Advice for Couples

Deciding on a form of separation agreement is akin to an insurance policy. We hope you never have to use it but it provides peace of mind in the event you do.

Advice for Couples
Photo taken at the summit of Moel Famau

Making provision for what happens in the event things go wrong between you is hardly romantic and planning to separate is not high on the agenda. That said, making those decisions when you are still together is easier than making them when the relationship has soured.

Post-Nuptial Agreements

Celtic Law Limited can provide advice on Pre and Post Nuptial Agreements for those couples wishing to set out their arrangements formally concerning the division of assets on separation.

Such agreements need to be sensible and reviewed regularly as your circumstances change in order for those agreements to remain current and to mitigate the risk of a family court deviating from that agreement.

A properly considered post-nuptial agreement can help mitigate the uncertainty and anxiety met with a divorce which inevitably has a positive bearing on costs.

Please contact us to discuss if a post-nuptial agreement is right for you. We can guide you about what to include in addition to when you need to be signing it.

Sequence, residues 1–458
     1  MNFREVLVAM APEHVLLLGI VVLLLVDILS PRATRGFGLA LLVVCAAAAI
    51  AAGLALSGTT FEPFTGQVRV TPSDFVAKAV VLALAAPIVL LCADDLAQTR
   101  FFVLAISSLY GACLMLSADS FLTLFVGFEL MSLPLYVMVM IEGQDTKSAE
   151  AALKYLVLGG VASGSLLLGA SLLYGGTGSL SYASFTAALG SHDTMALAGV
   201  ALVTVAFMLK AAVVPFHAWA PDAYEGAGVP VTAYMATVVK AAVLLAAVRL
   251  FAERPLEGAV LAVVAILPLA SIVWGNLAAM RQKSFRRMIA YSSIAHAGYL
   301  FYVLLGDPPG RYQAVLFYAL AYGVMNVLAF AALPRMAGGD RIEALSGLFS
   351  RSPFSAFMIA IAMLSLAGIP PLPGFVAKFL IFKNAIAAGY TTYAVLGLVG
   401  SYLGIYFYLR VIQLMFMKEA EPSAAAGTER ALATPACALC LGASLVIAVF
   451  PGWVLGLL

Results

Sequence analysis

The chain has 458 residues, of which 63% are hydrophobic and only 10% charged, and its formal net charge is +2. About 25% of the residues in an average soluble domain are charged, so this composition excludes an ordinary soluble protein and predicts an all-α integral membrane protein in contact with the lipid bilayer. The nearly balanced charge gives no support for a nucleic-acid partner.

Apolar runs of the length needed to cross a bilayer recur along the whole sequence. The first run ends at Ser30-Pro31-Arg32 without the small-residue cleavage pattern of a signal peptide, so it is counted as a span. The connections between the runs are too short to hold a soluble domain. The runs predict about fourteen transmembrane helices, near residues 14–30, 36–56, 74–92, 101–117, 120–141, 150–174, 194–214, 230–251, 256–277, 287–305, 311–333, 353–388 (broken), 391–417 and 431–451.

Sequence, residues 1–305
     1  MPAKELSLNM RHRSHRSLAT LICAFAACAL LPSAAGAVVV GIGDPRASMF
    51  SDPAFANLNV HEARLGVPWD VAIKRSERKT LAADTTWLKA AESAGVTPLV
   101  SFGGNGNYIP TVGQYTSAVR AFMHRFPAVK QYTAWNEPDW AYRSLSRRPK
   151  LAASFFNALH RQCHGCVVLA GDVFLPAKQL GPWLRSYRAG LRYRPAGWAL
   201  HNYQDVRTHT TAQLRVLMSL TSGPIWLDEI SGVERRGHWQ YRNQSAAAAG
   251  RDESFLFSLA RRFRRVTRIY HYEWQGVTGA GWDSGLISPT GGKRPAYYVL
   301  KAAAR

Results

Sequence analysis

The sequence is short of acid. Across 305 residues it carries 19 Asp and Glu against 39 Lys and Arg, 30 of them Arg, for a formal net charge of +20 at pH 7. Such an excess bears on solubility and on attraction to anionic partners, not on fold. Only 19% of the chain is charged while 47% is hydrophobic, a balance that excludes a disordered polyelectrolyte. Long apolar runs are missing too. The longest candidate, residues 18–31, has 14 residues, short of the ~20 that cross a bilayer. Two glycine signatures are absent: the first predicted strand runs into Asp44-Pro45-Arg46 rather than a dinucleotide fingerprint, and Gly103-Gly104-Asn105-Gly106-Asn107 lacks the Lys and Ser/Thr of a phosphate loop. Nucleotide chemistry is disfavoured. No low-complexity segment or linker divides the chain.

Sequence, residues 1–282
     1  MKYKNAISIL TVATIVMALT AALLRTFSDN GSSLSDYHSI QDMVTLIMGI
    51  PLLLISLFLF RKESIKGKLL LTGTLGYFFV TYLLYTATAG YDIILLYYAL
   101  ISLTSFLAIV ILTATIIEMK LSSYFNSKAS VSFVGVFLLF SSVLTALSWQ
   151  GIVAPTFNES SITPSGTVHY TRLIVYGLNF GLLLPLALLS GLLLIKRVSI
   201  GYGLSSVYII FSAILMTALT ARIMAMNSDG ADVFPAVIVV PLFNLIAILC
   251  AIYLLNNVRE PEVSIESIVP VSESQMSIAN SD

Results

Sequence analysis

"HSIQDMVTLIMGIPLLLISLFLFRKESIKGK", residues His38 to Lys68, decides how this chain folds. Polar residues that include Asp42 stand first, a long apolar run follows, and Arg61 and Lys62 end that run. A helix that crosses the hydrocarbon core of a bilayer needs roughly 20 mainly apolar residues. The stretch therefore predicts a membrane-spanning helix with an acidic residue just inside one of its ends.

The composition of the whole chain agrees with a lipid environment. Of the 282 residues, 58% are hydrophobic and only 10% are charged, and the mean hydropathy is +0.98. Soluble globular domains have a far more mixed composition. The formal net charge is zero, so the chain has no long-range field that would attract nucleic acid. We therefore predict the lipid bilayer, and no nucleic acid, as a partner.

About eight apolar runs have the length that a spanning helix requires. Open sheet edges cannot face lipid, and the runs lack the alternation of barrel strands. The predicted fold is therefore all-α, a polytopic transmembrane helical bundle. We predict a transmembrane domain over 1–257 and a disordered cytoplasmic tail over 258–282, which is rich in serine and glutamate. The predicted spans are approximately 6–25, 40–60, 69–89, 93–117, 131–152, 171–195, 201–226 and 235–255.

Cohabitation Agreements and Trusts

Not all couples decide to get married. Divorce can be very stressful and expensive, but there is a legal framework for deciding how settlements are reached. Currently, unmarried couples do not have the security of that framework which result in uncertainty and legal battles. Recording arrangements and contributions to the household is a positive step.

It is essential for couples to consider how their assets may be divided in the event of a separation, particularly where you are embarking on buying a home together.

Please get in touch to learn more about the types of agreement and trusts available to you and what they can cover.

Wills

Making a Will is important to any couple, married or unmarried. Celtic Law can help to ensuring that your spouse or partner is well catered whilst considering protecting your children’s inheritance.

If you are not married and don’t make Wills to provide for one another, did you know that the law will not automatically recognise you as a potential beneficiary?

Unmarried couples who die intestate leave their partners facing the possibility of making a dependency claim against your estate. This causes acrimony for those left behind, cost and uncertainty.

Please visit our WILLS AND TRUSTS page to find out more about our Will making services.

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